We supported Alondra Cano when she ran for re-election last fall.
We were proud of her participation in the demonstrations against the police killing of Jamar Clark. We were proud of her when she joined Lisa Bender in trying to suspend the rules at a City Council meeting to allow Dave Bicking and Michelle Gross to speak about police brutality.
David Tilsen wrote her endorsement for us: “I decided to help Alondra Cano in her re-election campaign this year because she stepped up when I asked her to help with trying to stop the Dakota Access Pipeline.”
Our Revolution endorsed her because she was the “lead author of our unanimously approved staff direction to divest from banking institutions that have money in the Dakota Access pipeline.”
She talks the talk, but she doesn’t walk the walk.
She opposed charter amendments to raise the minimum wage to $15 an hour and create a citizen review of the police. She supported the reappointment of Susan Segal as city attorney and Velma Korbel as head of the Civil Rights Commission, even though both have resisted efforts to make the MPD more accountable.
Those votes were disappointing, but not as disappointing as her rejection of Cam Gordon’s proposal to give the City Council more oversight of the MPD. She said she was “disgusted by the privilege presented by this move,” and accused Gordon of introducing the charter amendment just to score political points.
She told the Star Tribune that she would resign her position as chair of the Public Safety Committee if the amendment were to be adopted. She wouldn’t have time to oversee the MPD and look after the needs of her constituents.
Those of us who supported Cano last year heard repeatedly from her constituents that she was no help in solving neighborhood problems. We shrugged it off as just a few exceptions, but, then, this summer when I called her office for some help getting a neighbor to find some place other than our residential street to park his moving van, I found out how dysfunctional her office really is. First, it took days for them to get back to me. Then Aisha Gomez, her aide, said it wasn’t illegal. Then she checked. And then she said it was. I asked her to talk to the neighbor and find him another place to park his truck. Fortunately, for me and for our neighborhood, I also contacted Tabitha Montgomery, the executive director of Powderhorn Park Neighborhood Association, and within a few days she was able to find the moving van a new parking place close by. When I was on the City Council 40 years ago, my colleague from the 9th Ward was Zollie Green. He was a living legend. He would drive all over his ward on a bike. When a street was to be plowed in the winter, he and his aide would door-knock houses where cars could be towed. He was a very visible, very active face of city government in the 9th Ward.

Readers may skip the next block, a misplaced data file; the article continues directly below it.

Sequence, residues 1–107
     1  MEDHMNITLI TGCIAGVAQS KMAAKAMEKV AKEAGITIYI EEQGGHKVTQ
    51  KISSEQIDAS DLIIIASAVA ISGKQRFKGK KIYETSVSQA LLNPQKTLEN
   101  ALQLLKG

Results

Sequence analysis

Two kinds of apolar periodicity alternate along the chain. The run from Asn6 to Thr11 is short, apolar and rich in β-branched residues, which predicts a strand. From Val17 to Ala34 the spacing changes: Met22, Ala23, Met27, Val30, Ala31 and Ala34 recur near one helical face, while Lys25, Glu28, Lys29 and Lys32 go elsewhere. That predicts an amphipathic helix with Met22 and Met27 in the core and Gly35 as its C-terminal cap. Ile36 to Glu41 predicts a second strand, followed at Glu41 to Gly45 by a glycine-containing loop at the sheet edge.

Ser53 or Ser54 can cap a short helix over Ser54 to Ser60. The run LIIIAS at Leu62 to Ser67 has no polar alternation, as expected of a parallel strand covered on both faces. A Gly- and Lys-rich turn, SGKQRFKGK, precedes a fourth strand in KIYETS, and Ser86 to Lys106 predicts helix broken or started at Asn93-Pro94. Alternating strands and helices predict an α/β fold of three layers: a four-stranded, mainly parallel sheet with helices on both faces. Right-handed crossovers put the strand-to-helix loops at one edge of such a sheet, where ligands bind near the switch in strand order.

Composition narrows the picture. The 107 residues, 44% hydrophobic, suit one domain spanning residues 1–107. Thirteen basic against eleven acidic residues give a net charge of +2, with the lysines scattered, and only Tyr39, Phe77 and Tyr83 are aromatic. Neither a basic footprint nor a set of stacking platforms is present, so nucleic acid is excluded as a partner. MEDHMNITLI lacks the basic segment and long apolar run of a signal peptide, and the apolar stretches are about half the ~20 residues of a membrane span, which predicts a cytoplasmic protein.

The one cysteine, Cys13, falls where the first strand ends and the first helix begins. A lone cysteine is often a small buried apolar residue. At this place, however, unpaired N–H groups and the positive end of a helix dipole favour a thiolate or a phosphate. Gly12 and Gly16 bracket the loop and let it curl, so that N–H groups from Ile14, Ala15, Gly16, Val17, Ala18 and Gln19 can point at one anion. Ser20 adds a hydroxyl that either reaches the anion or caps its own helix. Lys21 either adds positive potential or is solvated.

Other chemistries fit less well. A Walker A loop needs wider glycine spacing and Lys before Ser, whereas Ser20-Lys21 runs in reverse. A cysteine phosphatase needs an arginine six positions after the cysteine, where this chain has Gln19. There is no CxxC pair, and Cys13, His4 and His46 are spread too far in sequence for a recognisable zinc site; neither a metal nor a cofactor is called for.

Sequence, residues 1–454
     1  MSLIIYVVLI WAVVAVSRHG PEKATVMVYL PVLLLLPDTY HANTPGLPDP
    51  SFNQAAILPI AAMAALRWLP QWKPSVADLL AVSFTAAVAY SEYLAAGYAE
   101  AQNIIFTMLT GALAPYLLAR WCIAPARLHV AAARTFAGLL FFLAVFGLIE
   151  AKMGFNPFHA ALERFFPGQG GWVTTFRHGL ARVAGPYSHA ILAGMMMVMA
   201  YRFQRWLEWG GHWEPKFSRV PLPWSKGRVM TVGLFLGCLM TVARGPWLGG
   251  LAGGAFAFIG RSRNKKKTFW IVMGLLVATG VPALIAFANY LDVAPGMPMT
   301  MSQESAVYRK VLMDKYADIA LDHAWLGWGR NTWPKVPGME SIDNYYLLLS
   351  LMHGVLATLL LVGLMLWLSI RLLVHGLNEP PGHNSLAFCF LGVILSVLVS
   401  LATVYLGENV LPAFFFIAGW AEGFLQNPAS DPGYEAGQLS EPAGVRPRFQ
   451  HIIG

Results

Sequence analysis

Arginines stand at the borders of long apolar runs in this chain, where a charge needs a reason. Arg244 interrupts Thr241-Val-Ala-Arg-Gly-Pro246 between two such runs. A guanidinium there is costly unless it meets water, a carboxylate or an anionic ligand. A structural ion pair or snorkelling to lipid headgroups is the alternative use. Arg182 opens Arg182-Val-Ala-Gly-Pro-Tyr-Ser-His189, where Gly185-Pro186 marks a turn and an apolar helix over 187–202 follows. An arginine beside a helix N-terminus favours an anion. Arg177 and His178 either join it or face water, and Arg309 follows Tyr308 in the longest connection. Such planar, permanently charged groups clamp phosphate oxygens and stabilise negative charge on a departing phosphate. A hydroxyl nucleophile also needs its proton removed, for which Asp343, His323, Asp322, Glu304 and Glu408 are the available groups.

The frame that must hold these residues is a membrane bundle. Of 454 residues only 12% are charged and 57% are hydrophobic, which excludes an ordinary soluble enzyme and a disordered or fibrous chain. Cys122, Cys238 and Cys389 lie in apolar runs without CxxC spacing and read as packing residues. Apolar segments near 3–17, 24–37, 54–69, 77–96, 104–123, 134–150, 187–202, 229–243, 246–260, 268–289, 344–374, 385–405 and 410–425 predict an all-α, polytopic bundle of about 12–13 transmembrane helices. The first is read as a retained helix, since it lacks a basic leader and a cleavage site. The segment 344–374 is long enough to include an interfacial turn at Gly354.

From the Star Tribune Editorial:“A Star Tribune news analysis recently reported that in the first six months of 2018, Ninth Ward Council Member Alondra Cano topped the list of absent members. She missed 29 percent of the meetings she was supposed to attend, including three of the 15 full council meetings and 16 of 51 committee meetings.”
“Citizens who put their faith and tax dollars into elected officials’ hands expect to be well-represented—and that starts with having their representatives show up.”
From an earlier article in the Star Tribune: “In an interview, Cano said she was out of town during the month on two personal trips, which she planned before these incidents took place.”
“Planned before these incidents took place”??? Did she know while she was running for office that she was going to take “personal trips” worth 15 council meetings? Because most of us believed she would be full time helping us in the neighborhoods and representing us downtown.
Dear Council Member Cano,
Let’s start over.
Please, start meeting regularly with neighborhood groups. Listen to Dave Bicking and Michelle Gross about ways your Public Safety Committee can represent our community when reviewing conduct of the MPD.
Come up with your own way of hearing the voice of those in our community who feel they have been abused by city employees wearing uniforms.
We need you to be a full time representative of our hopes and dreams downtown and in our neighborhoods.
Congratulations on hiring Ilhan Omar’s husband, Ahmed Hirsi, as senior policy aide for between $73,000 and $81,000 a year. With Ilhan a sure bet to go to Congress and Aisha Gomez a sure bet to go to the Legislature, that makes you the best connected official in city government. We hope these appointments are not political paybacks but will help you find solutions to controlling the MPD and solving problems in our neighborhoods.
PHOTO CAPTION: Alandra Cano